"NEW YORK — For almost three years, no matter what has rattled the financial markets — a debt crisis in Europe, high gasoline prices, a slower economy — investors have been soothed by rising corporate profits.
The storyline became as predictable as a soap opera's. But when the latest round of corporate earnings starts rolling in this week, look for a twist: Profits are expected to fall.
"China is still slowing. Manufacturing numbers in the U.S. are weak," says Christine Short, senior manager at Standard & Poor's Global Markets Intelligence. "You can only have so many things working against you."
Stock analysts expect earnings for companies in the Standard & Poor's 500 index to decline 1 percent for April through June compared with the year before, according to S&P Capital IQ, the research arm of S&P.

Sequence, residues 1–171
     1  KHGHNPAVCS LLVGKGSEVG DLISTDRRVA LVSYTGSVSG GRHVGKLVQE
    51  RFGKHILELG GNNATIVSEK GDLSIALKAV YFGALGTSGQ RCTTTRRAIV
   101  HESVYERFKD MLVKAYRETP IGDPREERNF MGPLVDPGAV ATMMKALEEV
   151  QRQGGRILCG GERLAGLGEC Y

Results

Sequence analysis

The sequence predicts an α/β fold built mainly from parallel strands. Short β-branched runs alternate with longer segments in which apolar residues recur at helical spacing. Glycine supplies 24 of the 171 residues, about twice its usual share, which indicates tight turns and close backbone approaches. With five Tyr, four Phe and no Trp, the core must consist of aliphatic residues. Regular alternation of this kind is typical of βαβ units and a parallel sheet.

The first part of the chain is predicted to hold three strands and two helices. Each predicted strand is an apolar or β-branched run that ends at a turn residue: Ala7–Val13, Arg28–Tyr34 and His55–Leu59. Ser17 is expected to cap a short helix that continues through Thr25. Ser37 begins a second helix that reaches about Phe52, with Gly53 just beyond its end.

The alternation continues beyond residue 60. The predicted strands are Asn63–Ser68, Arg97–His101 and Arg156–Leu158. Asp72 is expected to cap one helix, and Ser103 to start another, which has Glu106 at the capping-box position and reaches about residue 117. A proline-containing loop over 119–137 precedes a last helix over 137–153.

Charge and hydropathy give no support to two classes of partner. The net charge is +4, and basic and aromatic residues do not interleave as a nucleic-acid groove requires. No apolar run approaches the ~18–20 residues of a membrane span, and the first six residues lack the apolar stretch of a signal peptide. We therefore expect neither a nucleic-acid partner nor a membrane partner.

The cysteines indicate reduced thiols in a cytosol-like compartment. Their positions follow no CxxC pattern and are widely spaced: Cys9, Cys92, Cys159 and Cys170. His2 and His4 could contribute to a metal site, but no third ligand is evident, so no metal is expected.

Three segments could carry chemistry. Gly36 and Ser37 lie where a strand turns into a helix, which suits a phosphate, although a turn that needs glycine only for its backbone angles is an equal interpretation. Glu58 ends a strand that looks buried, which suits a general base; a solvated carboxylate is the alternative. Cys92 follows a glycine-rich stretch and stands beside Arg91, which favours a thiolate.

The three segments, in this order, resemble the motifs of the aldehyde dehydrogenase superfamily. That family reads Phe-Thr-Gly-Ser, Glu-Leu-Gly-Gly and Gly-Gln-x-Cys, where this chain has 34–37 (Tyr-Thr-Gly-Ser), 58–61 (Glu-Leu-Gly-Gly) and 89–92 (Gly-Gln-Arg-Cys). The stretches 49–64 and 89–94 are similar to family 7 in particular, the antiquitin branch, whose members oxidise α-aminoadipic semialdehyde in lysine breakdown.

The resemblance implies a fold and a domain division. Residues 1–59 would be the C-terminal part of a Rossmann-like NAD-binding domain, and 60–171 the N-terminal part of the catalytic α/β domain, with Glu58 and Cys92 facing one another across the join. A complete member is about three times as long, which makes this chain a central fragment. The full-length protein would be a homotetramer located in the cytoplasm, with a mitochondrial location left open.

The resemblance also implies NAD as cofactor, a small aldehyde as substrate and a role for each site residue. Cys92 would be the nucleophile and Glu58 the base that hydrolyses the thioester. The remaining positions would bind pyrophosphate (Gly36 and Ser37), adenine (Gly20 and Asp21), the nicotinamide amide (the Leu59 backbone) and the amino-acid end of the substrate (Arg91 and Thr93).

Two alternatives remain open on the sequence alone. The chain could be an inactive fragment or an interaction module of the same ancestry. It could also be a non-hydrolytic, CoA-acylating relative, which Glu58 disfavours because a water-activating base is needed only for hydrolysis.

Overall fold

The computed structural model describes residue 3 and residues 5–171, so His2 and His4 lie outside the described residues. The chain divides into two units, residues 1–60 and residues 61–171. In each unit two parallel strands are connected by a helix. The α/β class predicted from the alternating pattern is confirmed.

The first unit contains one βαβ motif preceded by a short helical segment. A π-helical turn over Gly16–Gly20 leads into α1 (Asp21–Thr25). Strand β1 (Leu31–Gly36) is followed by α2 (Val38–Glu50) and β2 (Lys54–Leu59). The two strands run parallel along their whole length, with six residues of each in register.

That would break a streak of 10 quarters of gains that started in the final quarter of 2009.
Over recent weeks, a motley collection of chain stores, steel producers and technology titans have warned of slowing profits. They all point to similar culprits — flagging sales to Europe and slower economic growth in China.
"You've seen the evidence," says Adam Parker, chief U.S. equity strategist at Morgan Stanley, the investment bank. "A ton of companies have already told you the economy is slowing."
The list of companies that have warned of trouble is long and varied, and includes well-known names such as Procter & Gamble, Ford, Nike, McDonald's, Cisco, Starbucks and Tiffany."